- Know how to reset your network password and avoid lockouts
- GovDelivery (Granicus) 2016 Usage
- Message from the Chief Information Security Officer
- IN.gov analytics
- Be an email detective
Frustrated when you get locked out of a network account because you have forgotten a password or failed to update it on time?
The solution lies in registering for Self-Service Password Reset (SSPR) -- a web application that enables users to change their own passwords in a secure fashion. Users no longer must call the IOT Help Desk for password changes and can change their own network passwords any time on any device with internet connectivity.
The site walks you through several quick and easy steps to get registered and provides links enabling you to reset network passwords and unlock network accounts.
If you experience any issues using Self-Service Password Management, please contact the IOT Helpdesk at 317-234-HELP (4357).
GovDelivery, recently purchased by Granicus, is the state's enterprise bulk email provider. Though the company was purchased, the product the state owns will still be called the GovDelivery Communications Cloud and the GovDelivery Network.
Agencies utilizing GovDelivery sent a record number of messages last year to a record number of subscribers.
In total, more than 12,000 emails were sent from GovDelivery to more than 42 million recipients. Both of those numbers are significantly higher than 2015, where fewer than 10,000 emails were sent to approximately 35 million recipients.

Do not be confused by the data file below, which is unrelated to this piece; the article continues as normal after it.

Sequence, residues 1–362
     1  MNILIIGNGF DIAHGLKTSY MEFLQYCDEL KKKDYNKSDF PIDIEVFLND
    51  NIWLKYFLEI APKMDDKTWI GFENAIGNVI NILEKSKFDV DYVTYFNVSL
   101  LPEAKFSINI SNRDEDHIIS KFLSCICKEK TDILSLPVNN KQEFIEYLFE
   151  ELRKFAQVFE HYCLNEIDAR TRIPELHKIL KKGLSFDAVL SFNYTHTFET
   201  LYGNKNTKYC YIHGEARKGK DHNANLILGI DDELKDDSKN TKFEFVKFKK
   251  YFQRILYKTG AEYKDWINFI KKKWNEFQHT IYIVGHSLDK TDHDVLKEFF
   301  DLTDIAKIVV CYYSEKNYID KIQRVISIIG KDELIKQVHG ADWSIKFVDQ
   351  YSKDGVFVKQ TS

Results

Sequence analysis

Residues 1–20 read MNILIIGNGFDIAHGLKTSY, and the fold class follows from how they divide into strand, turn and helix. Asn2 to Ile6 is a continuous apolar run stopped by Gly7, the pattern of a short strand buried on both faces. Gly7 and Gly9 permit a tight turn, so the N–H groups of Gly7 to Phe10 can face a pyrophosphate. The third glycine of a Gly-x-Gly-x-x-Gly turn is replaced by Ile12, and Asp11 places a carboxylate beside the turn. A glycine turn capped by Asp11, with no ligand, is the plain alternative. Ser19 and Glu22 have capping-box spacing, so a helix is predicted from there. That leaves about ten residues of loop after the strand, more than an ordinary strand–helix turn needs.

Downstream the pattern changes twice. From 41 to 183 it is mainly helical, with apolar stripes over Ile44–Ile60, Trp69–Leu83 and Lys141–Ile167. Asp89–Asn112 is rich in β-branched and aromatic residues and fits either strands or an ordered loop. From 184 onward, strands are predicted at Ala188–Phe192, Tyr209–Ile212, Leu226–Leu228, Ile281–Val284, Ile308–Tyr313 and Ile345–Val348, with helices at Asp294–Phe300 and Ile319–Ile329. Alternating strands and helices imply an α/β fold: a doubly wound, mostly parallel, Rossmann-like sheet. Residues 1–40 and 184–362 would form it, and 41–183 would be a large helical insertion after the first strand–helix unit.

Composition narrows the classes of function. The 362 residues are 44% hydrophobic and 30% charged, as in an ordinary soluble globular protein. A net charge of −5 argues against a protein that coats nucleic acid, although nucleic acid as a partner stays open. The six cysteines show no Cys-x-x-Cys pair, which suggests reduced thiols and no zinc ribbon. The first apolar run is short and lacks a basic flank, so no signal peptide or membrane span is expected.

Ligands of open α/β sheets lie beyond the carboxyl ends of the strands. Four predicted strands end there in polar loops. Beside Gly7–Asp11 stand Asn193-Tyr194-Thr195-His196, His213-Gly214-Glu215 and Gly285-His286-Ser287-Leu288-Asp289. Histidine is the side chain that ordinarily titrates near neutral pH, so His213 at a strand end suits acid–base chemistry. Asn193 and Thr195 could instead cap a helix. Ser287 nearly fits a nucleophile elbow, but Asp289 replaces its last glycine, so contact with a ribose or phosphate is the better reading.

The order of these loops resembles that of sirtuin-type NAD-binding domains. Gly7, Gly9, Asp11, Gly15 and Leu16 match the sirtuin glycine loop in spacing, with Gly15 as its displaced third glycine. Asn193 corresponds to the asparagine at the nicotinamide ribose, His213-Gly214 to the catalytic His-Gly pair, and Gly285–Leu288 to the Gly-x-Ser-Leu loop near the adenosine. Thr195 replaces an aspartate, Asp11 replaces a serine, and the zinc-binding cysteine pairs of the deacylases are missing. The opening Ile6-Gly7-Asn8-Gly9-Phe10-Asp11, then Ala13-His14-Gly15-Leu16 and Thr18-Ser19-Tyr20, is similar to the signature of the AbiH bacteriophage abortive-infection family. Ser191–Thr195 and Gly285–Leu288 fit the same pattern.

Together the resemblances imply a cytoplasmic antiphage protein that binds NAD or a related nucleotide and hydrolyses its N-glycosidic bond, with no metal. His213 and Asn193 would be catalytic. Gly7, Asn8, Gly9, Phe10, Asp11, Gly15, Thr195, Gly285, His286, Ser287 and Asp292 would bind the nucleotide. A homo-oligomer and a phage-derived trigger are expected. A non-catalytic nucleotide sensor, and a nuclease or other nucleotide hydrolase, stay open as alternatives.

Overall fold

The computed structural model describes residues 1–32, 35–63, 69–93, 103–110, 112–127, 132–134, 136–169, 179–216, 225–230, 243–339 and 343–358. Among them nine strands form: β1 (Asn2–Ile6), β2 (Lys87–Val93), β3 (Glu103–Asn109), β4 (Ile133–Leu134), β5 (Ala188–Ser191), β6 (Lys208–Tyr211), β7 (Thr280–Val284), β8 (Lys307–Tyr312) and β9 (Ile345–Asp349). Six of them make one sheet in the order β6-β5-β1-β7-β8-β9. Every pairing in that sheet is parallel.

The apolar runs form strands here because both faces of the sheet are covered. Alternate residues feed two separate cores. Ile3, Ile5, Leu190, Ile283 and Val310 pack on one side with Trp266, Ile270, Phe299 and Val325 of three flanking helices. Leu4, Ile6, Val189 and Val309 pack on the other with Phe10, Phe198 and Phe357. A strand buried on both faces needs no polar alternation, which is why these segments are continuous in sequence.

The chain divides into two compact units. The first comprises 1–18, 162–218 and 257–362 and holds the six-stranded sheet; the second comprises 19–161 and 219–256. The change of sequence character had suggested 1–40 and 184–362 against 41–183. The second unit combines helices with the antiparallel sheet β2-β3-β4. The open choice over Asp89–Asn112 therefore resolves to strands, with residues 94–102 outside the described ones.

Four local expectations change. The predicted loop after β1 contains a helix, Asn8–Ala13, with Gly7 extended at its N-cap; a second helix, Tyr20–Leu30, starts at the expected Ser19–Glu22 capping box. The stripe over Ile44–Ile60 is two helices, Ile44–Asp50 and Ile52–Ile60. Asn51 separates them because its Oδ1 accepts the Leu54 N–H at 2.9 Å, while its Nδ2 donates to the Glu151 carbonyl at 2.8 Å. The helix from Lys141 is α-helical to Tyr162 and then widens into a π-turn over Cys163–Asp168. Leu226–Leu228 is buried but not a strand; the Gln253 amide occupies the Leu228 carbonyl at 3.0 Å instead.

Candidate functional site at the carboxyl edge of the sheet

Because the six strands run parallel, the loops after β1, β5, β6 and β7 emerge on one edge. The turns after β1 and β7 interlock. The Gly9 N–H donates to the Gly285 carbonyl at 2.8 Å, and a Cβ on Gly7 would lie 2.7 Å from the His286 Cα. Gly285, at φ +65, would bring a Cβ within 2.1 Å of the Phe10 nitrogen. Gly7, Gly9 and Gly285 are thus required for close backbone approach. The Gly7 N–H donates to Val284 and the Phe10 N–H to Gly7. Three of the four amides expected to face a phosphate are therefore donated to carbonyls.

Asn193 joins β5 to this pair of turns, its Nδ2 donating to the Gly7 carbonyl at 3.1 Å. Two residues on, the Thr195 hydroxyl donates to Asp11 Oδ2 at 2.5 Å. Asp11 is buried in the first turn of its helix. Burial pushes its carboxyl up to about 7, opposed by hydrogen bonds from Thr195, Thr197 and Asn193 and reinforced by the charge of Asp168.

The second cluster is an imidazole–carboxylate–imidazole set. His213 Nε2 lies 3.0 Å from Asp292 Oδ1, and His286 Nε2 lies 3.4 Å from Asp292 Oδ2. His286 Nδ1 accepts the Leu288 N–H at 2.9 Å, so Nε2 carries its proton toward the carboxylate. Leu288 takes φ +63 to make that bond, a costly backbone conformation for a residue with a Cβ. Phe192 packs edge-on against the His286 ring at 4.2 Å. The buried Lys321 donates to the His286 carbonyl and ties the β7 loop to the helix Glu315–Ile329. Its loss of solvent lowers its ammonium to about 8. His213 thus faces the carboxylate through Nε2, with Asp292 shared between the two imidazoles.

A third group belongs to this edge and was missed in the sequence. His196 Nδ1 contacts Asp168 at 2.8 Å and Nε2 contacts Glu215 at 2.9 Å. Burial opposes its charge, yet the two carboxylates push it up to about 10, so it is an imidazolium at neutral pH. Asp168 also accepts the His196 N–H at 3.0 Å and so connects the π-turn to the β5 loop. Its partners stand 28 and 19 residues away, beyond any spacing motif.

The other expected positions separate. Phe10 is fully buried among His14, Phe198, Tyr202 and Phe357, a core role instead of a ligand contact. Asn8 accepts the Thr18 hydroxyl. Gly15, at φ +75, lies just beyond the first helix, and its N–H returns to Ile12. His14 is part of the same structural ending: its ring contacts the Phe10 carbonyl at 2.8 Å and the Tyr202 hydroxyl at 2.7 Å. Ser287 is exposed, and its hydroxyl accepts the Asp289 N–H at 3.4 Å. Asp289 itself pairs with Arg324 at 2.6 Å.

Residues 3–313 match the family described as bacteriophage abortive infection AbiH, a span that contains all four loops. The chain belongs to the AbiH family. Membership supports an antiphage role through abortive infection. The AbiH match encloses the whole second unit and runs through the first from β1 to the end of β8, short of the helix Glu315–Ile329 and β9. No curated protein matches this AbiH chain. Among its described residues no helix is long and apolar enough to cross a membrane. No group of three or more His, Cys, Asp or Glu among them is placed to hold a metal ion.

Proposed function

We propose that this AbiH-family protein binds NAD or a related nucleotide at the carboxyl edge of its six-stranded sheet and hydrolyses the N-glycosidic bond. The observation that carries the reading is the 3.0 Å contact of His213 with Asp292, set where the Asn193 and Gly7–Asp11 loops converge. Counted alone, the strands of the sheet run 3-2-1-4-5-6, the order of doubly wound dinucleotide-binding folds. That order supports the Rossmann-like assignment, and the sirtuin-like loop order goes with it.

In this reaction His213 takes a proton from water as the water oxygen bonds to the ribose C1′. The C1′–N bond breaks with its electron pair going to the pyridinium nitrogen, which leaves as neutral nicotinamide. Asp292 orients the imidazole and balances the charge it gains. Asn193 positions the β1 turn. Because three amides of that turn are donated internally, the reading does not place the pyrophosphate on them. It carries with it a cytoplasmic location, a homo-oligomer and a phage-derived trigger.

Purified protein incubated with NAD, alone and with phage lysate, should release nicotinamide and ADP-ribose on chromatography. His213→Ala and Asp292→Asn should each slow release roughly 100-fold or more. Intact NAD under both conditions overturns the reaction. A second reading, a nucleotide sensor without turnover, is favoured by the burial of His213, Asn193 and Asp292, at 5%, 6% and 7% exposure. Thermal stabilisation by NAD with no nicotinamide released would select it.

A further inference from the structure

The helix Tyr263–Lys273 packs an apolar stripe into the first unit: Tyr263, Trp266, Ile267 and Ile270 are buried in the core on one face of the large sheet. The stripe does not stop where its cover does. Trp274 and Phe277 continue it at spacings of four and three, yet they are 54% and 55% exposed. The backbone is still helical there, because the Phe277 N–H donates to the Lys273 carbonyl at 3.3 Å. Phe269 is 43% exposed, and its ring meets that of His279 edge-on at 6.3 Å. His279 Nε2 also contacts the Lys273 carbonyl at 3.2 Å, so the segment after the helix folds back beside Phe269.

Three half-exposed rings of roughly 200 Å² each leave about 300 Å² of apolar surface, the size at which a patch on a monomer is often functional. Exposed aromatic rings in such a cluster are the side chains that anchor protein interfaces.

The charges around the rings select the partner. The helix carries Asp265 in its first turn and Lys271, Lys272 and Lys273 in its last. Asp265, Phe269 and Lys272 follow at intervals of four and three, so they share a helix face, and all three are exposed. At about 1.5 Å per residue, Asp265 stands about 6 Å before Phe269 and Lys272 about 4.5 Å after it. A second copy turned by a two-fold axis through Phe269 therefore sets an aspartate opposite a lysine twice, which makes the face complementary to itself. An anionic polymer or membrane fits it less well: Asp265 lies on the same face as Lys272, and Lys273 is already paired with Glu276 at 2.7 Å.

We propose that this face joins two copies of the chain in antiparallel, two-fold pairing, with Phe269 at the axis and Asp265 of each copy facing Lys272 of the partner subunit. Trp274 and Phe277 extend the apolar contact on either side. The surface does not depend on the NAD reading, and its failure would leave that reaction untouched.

For the 26 agencies participating in the GovDelivery Network, they saw significant organic subscriber growth. In total 48.6% of all new subscribers came via the GovDelivery Network. The Network uses a feature similar to the suggestions on Amazon: "Customers Who Bought This Item Also Bought." When a user subscribes to a topic, he or she is presented with suggested topics that are similar.
The Network includes all of the Indiana accounts, but also all the other states that utilize the GovDelivery Network and the federal government. This reach exposes each Network account to hundreds of users that never have to visit the agency website.
The GovDelivery Network also provides agencies total control of its account, no more shared photo folders, and templates will not get mixed up with another agency. Network accounts can also be tied to Facebook, Twitter or SMS, so when a bulletin is distributed, a message can automatically be posted to those platforms. If your agency is interested in joining the GovDelivery Network for a $1,000 yearly cost, contact Ted Cotterill.
Below is a chart indicating where new subscribers have come for the Indiana Housing and Community Development Authority over the past 12 months.
The past couple of weeks the State of Indiana workforce has been targeted by multiple phishing scams. It's really nothing new, we've long been a target. It does, however, seem like the intensity has been ratcheted up a couple of notches. Such attacks seem to come in cycles so the likelihood of additional attacks in the near term is high.